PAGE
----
IN the demise of veteran Communist and trade union leader Madan Lal Didi on March 12 Punjab and the country as a whole have lost a prominent freedom fighter who worked with extraordinary zeal for the emancipation of the toiling people. Born on March 19, 1924, he joined the Communist Party of India in the late forties and began organising the workers of Ludhiana. In the process he had to undergo numerous sacrifices, spend several years in underground, suffered imprisonment and incarceration; and in due course rose to high positions in both the AITUC and CPI.

His funeral at Chandigarh attracted a large number of people from all walks of life bearing testimony to the popularity and prestige he commanded in the public sphere. It was punctuated by the recitation of his revolutionary poems by his wife, son, daughter and comrades-in-arms. He leaves behind his wife Shiela, son Rahul, daughters Poonam and Sumita.

ON March 27 the anti-displacement struggle in Orissa received a heavy blow with the passing away of 48-year-old business executive-turned-revolutionary democrat Rajendra Sadangi due to cerebral malaria. He was the vital link between all such movements in the State—from Kalinganagar to Ersama to Lanjigarh—and acted as he real coordinator of all these struggles.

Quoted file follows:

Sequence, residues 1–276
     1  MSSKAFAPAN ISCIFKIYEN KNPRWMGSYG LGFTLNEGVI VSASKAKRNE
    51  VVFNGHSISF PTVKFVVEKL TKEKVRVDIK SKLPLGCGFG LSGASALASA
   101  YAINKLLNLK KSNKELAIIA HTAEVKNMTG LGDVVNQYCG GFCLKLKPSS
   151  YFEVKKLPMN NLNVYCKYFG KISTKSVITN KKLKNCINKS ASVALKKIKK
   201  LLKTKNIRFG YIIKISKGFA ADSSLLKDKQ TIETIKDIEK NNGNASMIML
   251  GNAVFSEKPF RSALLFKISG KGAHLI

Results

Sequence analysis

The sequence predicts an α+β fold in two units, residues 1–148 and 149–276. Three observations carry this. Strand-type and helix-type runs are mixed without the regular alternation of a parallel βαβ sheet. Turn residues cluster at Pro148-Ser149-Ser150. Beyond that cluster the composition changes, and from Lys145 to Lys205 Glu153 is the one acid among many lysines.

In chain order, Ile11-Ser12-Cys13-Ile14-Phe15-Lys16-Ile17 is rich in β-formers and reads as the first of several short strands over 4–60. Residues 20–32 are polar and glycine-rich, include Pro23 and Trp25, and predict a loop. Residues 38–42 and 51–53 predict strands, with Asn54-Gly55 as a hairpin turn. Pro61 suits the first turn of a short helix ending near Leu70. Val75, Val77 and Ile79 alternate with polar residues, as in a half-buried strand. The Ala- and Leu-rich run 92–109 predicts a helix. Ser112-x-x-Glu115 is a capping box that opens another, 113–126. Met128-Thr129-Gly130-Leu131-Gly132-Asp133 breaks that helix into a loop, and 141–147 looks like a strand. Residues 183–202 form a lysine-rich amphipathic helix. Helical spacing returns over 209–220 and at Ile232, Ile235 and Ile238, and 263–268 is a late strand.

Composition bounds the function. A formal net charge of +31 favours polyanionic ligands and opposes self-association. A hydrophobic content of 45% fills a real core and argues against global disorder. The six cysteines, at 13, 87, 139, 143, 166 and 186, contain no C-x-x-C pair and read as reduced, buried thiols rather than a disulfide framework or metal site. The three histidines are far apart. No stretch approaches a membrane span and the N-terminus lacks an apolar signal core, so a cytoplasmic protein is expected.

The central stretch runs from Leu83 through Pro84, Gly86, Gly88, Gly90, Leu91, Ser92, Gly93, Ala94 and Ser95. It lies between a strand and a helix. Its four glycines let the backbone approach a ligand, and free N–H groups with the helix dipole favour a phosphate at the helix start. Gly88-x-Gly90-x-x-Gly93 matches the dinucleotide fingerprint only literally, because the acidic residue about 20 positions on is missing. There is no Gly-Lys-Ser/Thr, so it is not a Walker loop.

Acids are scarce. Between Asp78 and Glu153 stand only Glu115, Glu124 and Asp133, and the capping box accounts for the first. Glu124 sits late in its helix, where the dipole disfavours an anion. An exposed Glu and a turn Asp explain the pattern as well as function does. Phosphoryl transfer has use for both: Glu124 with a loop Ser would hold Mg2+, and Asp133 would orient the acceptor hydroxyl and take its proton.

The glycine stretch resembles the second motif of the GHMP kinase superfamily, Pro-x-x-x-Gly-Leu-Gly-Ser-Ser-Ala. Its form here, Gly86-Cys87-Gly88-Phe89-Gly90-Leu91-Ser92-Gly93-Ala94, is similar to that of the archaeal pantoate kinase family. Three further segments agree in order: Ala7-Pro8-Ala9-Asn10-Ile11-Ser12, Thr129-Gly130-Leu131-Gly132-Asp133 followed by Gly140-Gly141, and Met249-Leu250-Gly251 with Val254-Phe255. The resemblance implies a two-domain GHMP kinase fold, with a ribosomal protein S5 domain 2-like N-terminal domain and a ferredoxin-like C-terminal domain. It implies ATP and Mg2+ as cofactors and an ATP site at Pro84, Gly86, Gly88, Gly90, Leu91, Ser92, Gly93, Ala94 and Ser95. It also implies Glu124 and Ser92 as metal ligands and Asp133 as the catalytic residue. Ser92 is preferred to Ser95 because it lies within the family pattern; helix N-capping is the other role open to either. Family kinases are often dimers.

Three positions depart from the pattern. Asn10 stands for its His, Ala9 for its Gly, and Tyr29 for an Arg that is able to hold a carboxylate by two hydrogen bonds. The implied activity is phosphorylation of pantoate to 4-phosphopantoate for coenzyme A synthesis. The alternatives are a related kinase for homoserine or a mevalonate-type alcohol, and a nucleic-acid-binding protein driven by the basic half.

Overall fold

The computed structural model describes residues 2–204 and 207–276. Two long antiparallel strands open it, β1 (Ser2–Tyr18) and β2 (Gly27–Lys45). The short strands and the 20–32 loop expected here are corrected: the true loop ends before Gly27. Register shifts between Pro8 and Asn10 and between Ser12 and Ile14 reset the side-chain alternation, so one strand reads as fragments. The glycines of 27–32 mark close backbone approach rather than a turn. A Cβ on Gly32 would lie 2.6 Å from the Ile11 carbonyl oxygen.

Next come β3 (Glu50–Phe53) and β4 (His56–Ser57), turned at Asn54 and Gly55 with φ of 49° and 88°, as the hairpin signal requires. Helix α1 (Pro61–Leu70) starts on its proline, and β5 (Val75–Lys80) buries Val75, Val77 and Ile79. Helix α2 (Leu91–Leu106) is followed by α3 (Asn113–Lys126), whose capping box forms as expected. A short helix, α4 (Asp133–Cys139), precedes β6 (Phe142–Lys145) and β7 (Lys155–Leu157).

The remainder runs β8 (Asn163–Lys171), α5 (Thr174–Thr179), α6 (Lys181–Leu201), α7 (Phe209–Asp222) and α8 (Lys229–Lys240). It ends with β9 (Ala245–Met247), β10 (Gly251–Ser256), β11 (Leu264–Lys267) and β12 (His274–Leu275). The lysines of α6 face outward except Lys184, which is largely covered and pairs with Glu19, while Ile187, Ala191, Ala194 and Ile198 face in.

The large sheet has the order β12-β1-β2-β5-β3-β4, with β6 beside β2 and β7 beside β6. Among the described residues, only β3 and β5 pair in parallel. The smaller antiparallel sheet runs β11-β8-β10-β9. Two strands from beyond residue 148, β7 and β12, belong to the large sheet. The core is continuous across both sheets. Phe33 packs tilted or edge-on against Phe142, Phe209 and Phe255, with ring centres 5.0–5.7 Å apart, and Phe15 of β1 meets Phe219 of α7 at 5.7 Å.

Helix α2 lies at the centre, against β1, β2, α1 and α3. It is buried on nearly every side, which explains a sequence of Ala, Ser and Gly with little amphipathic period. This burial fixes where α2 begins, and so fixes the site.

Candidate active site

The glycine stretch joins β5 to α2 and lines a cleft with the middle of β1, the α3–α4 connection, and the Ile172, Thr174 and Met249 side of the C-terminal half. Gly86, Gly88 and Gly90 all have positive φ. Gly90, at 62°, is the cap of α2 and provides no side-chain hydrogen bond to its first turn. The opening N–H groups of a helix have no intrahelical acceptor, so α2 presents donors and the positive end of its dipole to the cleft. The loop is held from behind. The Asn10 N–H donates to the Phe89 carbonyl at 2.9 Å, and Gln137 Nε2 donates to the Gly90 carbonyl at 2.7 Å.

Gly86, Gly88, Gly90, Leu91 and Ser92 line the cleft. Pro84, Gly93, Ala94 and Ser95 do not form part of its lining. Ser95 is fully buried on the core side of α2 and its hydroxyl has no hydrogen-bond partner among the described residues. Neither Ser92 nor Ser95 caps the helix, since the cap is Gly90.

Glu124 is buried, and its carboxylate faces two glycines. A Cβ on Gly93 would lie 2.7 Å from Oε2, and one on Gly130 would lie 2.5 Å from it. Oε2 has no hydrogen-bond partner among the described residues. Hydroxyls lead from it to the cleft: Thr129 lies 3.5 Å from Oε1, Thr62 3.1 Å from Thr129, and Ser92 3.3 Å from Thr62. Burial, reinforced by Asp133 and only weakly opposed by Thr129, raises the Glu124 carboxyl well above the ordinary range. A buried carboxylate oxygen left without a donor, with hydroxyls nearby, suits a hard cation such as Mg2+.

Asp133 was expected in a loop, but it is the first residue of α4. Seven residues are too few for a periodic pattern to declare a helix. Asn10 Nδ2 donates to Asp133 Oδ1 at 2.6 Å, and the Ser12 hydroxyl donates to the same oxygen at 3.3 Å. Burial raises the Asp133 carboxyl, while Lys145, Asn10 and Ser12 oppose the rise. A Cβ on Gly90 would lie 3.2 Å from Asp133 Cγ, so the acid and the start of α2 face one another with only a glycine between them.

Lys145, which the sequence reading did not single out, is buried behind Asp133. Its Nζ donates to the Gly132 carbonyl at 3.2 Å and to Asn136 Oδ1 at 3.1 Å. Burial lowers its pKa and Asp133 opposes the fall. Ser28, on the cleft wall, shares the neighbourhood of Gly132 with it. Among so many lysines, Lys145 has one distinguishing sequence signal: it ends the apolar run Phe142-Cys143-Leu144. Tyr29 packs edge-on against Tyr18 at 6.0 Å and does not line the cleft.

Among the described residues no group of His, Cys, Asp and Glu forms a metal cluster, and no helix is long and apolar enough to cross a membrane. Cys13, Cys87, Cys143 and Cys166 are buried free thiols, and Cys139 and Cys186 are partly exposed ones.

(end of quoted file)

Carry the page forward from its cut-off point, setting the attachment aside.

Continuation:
Only in February this year Sadangi had at a meeting in New Delhi explained in depth the nature of these ongoing battles in Orissa. In a recent report he wrote:

Corporates have decided to swap positions with the government in crushing dissent and opposition against land acquisition for their mega projects. They are not prepared to wait any longer. They are in a hurry. The stakes are very high. Today it is the case with Kalinganagar and Ersama. Tomorrow this may spread all over the country. The people of Kalinganagar and Ersama have so far fought valiantly and have decided to respond by organising large congregations to give a fitting reply to the corporates. It is the responsibility of all pro-people political forces to fight this menace both singularly and unitedly on a war footing.

The best tribute to Sadangi’s memory would be to raise these struggles to higher levels in the days ahead.